from The American Heritage® Dictionary of the English Language, 4th Edition

  • adj. Lacking in rigor, strictness, or firmness. See Synonyms at negligent.
  • adj. Not taut, firm, or compact; slack. See Synonyms at loose.
  • adj. Loose and not easily retained or controlled. Used of bowel movements.
  • adj. Linguistics Pronounced with the muscles of the tongue and jaw relatively relaxed, as the vowel (ĕ) in let.

from Wiktionary, Creative Commons Attribution/Share-Alike License

  • adj. lenient and allowing for deviation; not strict.
  • adj. loose; not tight or taut.
  • adj. lacking care; neglectful, negligent
  • n. lacrosse
  • n. A salmon.

from the GNU version of the Collaborative International Dictionary of English

  • adj. Not tense, firm, or rigid; loose; slack
  • adj. Not strict or stringent; not exact; loose; weak; vague; equivocal.
  • adj. Having a looseness of the bowels; diarrheal.
  • n. A looseness; diarrhea.

from The Century Dictionary and Cyclopedia

  • Slack; loose; soft; not firm in texture, consistency, or tension; readily yielding to touch or pressure: as, lax flesh or fiber; a lax cord.
  • Loose; free; being at ease.
  • Relaxed; not retentive: as, lax bowels.
  • Loose as regards force or energy; wanting vigor; weak; remiss; lacking in strictness: as, lax discipline; he is lax in his duty.
  • Loose in construction or application; not rigidly exact or precise; vague; equivocal.
  • In botany, loose or open; not compact: said of some panicles.
  • n. A loosing; relief.
  • n. A looseness; diarrhea.
  • To relax.
  • n. A salmon.

from WordNet 3.0 Copyright 2006 by Princeton University. All rights reserved.

  • adj. pronounced with muscles of the tongue and jaw relatively relaxed (e.g., the vowel sound in `bet')
  • adj. lacking in rigor or strictness
  • adj. emptying easily or excessively
  • adj. lacking in strength or firmness or resilience


Middle English, from Latin laxus, loose, lax; see slēg- in Indo-European roots.
(American Heritage® Dictionary of the English Language, Fourth Edition)
From Middle English lax, from Old English leax ("salmon"), from Proto-Germanic *lahsaz (“salmon”), from Proto-Indo-European *lAḱis- (“salmon, trout”). Cognate with Middle Dutch lacks, lachs, lasche ("salmon"), Middle Low German las ("salmon"), German Lachs ("salmon"), Danish laks ("salmon"), Swedish lax ("salmon"), Icelandic lax ("salmon"), Lithuanian lašišà ("salmon"), Latvian lasis, Russian лосось (losos, "salmon"), Albanian leshterik ("eel-grass"). See also lox. (Wiktionary)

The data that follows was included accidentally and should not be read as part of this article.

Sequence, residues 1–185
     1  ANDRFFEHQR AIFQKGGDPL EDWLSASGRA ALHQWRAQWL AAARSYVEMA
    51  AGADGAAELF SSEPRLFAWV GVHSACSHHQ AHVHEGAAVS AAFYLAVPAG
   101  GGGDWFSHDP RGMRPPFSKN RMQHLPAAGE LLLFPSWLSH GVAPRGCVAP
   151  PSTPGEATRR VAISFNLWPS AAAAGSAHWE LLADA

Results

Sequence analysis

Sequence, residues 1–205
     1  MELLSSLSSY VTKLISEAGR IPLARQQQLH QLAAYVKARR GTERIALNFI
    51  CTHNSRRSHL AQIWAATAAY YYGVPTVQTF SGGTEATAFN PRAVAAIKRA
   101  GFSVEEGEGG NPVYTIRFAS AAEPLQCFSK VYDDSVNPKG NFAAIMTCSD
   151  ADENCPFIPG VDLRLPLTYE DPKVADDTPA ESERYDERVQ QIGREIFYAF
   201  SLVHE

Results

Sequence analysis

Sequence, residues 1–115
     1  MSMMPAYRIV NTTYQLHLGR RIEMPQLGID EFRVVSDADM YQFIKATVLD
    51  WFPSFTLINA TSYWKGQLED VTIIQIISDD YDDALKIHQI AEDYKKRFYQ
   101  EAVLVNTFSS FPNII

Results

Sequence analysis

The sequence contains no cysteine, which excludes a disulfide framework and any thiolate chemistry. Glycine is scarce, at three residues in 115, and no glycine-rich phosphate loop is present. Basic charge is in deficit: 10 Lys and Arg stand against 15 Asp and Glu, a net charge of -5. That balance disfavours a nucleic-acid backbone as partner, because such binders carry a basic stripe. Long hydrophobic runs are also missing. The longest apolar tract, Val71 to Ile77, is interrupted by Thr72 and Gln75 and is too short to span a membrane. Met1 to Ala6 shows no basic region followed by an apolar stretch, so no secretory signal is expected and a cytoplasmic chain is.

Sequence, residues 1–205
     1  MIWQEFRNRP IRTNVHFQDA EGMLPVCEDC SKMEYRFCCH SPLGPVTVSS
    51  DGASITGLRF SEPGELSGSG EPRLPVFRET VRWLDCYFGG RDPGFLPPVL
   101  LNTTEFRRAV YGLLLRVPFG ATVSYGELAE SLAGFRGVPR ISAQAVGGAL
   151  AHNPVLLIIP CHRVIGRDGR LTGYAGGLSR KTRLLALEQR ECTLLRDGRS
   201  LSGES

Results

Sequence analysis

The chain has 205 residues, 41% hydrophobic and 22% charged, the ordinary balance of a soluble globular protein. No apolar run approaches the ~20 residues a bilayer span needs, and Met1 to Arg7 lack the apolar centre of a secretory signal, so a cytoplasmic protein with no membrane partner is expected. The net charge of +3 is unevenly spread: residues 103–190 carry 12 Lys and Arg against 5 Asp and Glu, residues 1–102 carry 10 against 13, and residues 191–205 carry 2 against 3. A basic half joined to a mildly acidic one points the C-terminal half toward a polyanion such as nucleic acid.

From Latin laxus ("wide, roomy, loose") (Wiktionary)


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  • ZURICH—Swiss regulator Finma may discipline four banks for having what it called lax controls on accepting money from foreign public officials associated with deposed Middle Eastern and North African leaders, but generally found that the country's lenders complied with anti-money-laundering rules.

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  • Speaking to security officials, Mr. Medvedev said airport officials and police responsible for what he called lax security at Moscow's Domodedovo Airport would be punished.

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  • Speaking to security officials, Medvedev said airport officials and police responsible for what he called lax security at Moscow's Domodedovo Airport would be punished.

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  • The union has been at odds with Morton over what it calls lax enforcement and gave him a no-confidence vote in June.

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  • Many came out and criticize what they described as lax security measures for this rally, but the government pointed out that this incident happened outside the rally, in a perimeter set up by police, Richard.

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  • Mr. Webb blasted the exchange for what he characterized as lax enforcement of its listing rules, which, he wrote, were too heavily influenced by special interests.

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  • ZAHN: Bill, earlier this morning, you pointed out a blistering piece in "The Boston Globe," focusing in on some of what they describe as lax security at the airport.

    CNN Transcript Sep 26, 2001

  • Permanent Subcommittee on Investigations last February criticized Bank of America and HSBC for what it called lax policing on a few African accounts, including some from Angola and

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  • At 1 a.m. on Tuesday, the mayor spoke at a hospital where two officers were being treated for bullet wounds, and railed against what he called lax federal laws regulating gun shows.

    NYT > Home Page


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